Southern South America: Eastern Argentina

The Humid Pampas ecoregion occupy one of the most human populated areas in Argentina. The ecoregion consists of the plains, many rivers, and lagoons. The natural vegetation in the area is composed of grasslands and xeric woodland. There are various endemic animals that are threatened by habitat destruction and degradation. The ecoregion is considered endangered and is regarded as a high priority conservation area at the regional scale.

  • Scientific Code
  • Ecoregion Category
  • Size
    93,000 square miles
  • Status
  • Habitats

Location and General Description
The Humid Pampas occupy the plains in the east of Argentina, taking up most of the province of Buenos Aires. Horizontal plains and very soft undulations with low peaks that emerge like islands characterize the relief of this area. There are a few slow moving, undulating rivers and many lagoons with fresh and salt water (Cabrera 1976). The pampas plains originated in packed sediment from a large sinking tectonic pit that extends to the Chaco. The soils are gray or black with a subsoil of loess or lime. In the west there are sandy soils, while in the southeast there is a thick layer of calcium under thin soil. In the mountains we find very thin soils of rack crystals and sandstone (Cabrera 1976). The climate is hot with rain throughout the year. The climatic conditions, combined with the geochemical characteristics of the sedimentary materials and the vegetative cycles of the pasture like grasslands, have favored the development of soils with high organic and nutrient content. These characteristics make the soil excellent for vegetative growth.

The original vegetation in this area is moderate grassland that is dominated by flechillar, highly eatable food for grazers. The dominant grasses are Stipa, Piptochaetium, Aristida, melica, Briza, Bromus, Eragrostis and Poa. Among the grasses there are many annuals such as Micropsis, Berroa, Gamochaeta, Chaptalia, Aster, Chevreulia, Vicia, Oxalis, Adesmia and Daucus. Common sufrutices and shrubs include Margyricarpus, Heimia, Baccharis, and Eupatorium (Cabrera 1976).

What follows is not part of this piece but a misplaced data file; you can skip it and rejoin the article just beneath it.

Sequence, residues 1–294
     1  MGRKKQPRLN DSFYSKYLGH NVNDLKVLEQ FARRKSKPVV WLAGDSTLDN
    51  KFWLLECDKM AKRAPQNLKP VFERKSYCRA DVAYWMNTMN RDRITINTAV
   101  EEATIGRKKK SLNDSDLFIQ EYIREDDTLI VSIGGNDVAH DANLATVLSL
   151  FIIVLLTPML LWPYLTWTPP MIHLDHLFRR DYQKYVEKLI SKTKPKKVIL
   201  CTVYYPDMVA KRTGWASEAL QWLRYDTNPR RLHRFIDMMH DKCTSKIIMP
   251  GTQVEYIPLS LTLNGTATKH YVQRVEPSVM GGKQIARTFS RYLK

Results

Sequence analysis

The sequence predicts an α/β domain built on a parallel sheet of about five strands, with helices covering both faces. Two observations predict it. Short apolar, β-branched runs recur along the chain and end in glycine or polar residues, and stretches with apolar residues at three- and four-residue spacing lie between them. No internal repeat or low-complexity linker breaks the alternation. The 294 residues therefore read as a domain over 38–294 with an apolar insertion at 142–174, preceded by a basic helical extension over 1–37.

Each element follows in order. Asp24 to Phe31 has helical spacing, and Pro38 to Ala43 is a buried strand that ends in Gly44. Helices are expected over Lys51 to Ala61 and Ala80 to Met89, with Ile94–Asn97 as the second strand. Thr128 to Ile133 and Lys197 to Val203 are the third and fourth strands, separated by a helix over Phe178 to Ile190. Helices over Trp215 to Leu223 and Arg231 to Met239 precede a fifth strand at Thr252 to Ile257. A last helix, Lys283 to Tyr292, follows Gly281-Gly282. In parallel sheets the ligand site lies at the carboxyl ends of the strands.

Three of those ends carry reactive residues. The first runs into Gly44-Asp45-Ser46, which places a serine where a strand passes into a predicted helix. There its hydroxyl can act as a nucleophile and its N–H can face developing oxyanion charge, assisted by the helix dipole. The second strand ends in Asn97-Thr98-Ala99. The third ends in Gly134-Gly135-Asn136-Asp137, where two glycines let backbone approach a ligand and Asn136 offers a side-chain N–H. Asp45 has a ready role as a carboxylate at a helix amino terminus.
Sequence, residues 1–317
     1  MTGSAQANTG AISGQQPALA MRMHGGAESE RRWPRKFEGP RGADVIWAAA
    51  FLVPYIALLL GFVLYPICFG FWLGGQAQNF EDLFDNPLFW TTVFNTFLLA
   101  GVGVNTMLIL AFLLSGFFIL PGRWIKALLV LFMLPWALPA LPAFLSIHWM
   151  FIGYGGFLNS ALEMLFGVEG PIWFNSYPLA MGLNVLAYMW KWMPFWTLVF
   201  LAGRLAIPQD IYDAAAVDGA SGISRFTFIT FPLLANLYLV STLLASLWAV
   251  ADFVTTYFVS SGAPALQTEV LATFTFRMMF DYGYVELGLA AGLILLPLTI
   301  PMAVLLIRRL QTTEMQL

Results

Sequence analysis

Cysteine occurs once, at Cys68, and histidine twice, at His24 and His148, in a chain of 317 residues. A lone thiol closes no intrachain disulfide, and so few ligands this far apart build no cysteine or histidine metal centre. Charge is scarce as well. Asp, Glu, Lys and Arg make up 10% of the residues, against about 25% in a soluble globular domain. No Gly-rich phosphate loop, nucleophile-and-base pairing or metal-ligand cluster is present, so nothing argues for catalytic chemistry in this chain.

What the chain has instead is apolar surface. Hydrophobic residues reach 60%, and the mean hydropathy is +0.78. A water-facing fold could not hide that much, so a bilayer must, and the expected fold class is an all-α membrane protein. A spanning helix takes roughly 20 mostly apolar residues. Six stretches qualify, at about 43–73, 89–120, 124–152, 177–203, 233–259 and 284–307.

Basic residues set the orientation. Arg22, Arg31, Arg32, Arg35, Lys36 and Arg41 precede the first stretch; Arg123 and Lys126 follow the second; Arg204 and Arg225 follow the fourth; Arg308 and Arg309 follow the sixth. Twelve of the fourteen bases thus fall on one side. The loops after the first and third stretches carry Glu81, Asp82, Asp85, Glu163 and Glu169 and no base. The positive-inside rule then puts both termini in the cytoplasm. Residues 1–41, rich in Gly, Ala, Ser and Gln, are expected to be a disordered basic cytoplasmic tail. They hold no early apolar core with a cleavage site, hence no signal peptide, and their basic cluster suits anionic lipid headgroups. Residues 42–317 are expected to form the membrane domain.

Different soil compositions and geomorphic factors affect the distribution of wildlife and make room for other vegetative groups such as halophyte plants including Atriplex, Larrea divaricata, L. cuneifolia, Suaeda, and Tricomaria. Dominant xeric vegetation in the southern part of the ecoregion includes Prosopis flexuosa, P. chilensis, P. juliflora, and P. kuntzei. Other plants are Jodina rhombifolia, Loxopterygium brachypterum, Pentapanax angelicifolius, Schinopsis lorentzii and Schinus dependens (UNESCO 1981).

In this area there are numerous unique habitats among which we could mention: Cangrejales de Samborombón, Punta Rasa, Albufera Mar Chiquita, Laguna de los Padres, Cabo Corrientes, Complejo Laguna Salada Grande, Laguna Sauce Grande, Humedales del Partido 9 de Julio and Sistema "Encadenadas de Chascomus". Within the Ramsar sites in this region we find Bahía Samborombón (Canevari et al. 1998).

Biodiversity Features
The pampas region lacks endemic vegetation of importance (Cabrera, 1976). However, there are numerous endemic animals including Limnornis curvirostris, Larus atlanticus and Liophis elegantísima. Species in danger of extinction include the pampas deer (Ozotoceros bezoarticus celer) a very important herbivore in this area, the loica pampeana (Sturnella defilippi), Limosa haemastica, Chloephaga rubidiceps, Laterallus spilopterus and Coturnicops notata. (Chebez 1988; Bertonatti y González 1992; García Fernández et al. 1997; Canevari et al 1998).

Among the fauna we find great herbivores such as the (Ozotoceros bezoarticus celer) and the guanaco (Lama guanicoe), carnivores such as the puma (Felis concolor), Geoffroy’s cat (Felis geoffroyi), pampa fox (Dusicyon gymnocercus), zorrino común (Conepatus chinga) and grison (Galictis cuja). Other mammals in the area are the vizcachas (Lagostomus maximus), the cuis pampeano (Cavia aperea), the nutria (Myocastur coypus), and the opossum (Didelphis albiventris).